Hawaiʻi's Technology Community

When Mika and I started Ikayzo seven years ago I got everything wrong. Because I enjoyed a good relationship with my previous two employers I was confident they would become my first customers. Surely I could easily sell to local companies as well. Although we were a new company, I had a solid software development resume and some experience with business development. I thought recruiting would be easy because we could offer the ability to do interesting work in paradise. I also thought I would be programming and doing interactive design work most of the day with maybe 20% being allocated for...well...CEO stuff.

Wrong, wrong and wrong.

About two months after launching the company I realized I was not going to be able to sell back to my previous employers. At my last two jobs I had very solid right-hand men and women. As a manager I had worked hard to build redundancy in my department because, as with mission critical software system, its important not to have any single point of failure. When I left the redundancy kicked in and best practices continued to be followed. The idea that these companies would need me for the same reasons they had when I was originally hired was a conceit. I had to start looking elsewhere for our first customer. That company turned out to be a neighbor at the Manoa Innovation Center. Over the years we ended up working with five other companies at MIC. Next came jobs from UH Manoa, which is just down the street.

Selling to local companies turned out to be harder than expected. The approach I had taken when I worked for companies in Tokyo and San Francisco didn't work in Hawaii. I needed to develop localized sales skills (e.g. a healthy amount of talk-story) to sell in the Hawaii market. Without local references it was hard to earn people's trust. It quickly became clear that building a healthy base of local customers was going to require years of reputation and relationship building. It took us about three years to get to where I had expected us to be in one, but persistence eventually paid off.

Recruiting top talent also turned out to be difficult. Many of Hawaii's brightest students move to the mainland for college and don't return. They don't think there are any interesting well-paying positions locally, and our industry doesn't do a particularly good job of advertising such positions. Its hard because there is no easy way to target all the top performers from Hawaii who are now scattered across the mainland. You have to network, network, network.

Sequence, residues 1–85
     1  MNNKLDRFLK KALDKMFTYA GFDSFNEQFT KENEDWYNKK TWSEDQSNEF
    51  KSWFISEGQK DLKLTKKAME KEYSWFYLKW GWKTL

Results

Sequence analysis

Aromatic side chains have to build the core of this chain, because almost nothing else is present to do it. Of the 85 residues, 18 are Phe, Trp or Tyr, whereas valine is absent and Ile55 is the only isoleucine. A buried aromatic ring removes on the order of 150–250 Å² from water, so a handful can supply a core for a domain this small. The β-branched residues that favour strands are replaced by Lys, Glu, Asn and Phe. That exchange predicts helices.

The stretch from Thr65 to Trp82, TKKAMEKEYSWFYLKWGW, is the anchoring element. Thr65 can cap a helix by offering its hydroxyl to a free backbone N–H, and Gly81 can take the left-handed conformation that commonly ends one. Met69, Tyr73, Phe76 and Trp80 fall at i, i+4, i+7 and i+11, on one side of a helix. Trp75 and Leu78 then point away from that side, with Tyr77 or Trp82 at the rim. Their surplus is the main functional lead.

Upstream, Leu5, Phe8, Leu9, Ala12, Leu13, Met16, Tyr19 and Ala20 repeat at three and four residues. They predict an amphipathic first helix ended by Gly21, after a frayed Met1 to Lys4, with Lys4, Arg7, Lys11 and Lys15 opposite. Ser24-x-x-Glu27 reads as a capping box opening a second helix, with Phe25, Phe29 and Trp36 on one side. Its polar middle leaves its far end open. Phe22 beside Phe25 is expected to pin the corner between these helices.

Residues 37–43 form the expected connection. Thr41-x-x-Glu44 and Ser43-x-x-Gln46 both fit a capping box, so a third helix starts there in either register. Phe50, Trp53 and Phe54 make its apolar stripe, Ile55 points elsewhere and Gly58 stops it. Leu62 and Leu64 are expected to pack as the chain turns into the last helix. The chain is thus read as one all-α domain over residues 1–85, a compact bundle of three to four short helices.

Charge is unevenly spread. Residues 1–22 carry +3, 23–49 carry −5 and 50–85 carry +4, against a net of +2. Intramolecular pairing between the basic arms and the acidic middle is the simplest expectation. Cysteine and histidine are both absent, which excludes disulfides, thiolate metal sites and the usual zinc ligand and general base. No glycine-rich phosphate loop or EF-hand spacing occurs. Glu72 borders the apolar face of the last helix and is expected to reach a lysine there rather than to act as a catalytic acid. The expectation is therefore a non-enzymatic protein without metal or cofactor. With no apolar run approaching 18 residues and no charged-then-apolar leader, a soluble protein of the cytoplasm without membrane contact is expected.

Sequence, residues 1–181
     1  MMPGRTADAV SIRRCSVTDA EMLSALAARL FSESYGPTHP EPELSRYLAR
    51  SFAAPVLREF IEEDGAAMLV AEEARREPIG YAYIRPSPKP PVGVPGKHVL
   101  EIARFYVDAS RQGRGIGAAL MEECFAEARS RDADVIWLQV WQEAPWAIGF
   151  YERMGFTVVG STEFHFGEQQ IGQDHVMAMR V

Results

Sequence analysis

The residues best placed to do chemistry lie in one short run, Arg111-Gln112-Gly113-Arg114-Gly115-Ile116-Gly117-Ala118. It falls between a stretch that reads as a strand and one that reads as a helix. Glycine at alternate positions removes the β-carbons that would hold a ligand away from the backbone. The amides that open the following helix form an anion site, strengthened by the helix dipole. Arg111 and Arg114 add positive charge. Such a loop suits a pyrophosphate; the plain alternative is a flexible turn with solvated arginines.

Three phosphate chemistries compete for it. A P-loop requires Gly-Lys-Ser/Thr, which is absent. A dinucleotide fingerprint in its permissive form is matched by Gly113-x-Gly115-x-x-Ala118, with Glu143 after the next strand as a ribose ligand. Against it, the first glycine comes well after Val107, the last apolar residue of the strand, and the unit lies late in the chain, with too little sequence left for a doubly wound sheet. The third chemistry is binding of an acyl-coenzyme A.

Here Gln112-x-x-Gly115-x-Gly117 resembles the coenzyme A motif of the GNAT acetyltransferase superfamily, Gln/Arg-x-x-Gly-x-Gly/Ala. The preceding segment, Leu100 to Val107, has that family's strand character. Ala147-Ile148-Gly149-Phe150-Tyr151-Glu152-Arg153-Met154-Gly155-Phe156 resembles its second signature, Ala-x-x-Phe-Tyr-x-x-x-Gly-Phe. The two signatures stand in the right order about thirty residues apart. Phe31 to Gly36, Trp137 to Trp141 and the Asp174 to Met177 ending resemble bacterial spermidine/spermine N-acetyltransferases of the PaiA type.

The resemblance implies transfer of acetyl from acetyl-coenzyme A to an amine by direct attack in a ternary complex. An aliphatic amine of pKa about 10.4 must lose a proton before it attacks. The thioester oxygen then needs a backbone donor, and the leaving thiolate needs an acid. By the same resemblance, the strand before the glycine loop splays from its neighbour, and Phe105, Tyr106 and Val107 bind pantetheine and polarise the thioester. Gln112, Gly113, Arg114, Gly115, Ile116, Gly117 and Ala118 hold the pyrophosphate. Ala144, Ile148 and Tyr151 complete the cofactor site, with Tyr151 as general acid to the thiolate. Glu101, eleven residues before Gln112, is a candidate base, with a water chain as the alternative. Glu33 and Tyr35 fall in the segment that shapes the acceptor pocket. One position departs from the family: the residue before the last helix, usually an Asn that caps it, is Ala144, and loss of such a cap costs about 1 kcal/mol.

Getting people from the mainland to move to Hawaii is often surprisingly difficult, especially if they have families. Many potential recruits are concerned about being so far from family, the cost of living and the local school situation. I remember a Washington-based developer I really wanted to hire asking me, "I live on an acre of land in a five bedroom house. My three kids attend top performing schools. How much will that cost me in Honolulu?" As you can imagine, that conversation didn't go well.

We had to start on a long journey of finding a mixture of local people who left to attend college on the mainland and people from outside of Hawaii with a healthy sense of adventure. It was important to find people who considered our location to be a significant plus when evaluating offers. In those cases we could actually wrestle them away from the likes of Google and Apple, something that a company our size could never do if we couldn't offer the differentiator of working in paradise. Over the years we got better at finding these people via social media and traditional networking. Developing a good working relationship with local universities was also a big help. Being down the street from UH Manoa ended up being advantageous for many reasons.

I don't want to talk too much about Ikayzo specifically because this post isn't an ad. My intention is to share my experience with other Hawaii entreprenuers. Suffice to say that we've grown to a point where we are competitive in our target markets both locally and on the mainland. My average day isn't what I thought it would be. Most of my day is recruiting, selling and managing. Every once in a while I get to do a little development and design :-) That being said, its been, and continues to be, an awesome journey. There is nothing better than being able to get up in the morning and look forward to working with a great group of people in a beautiful place on interesting projects.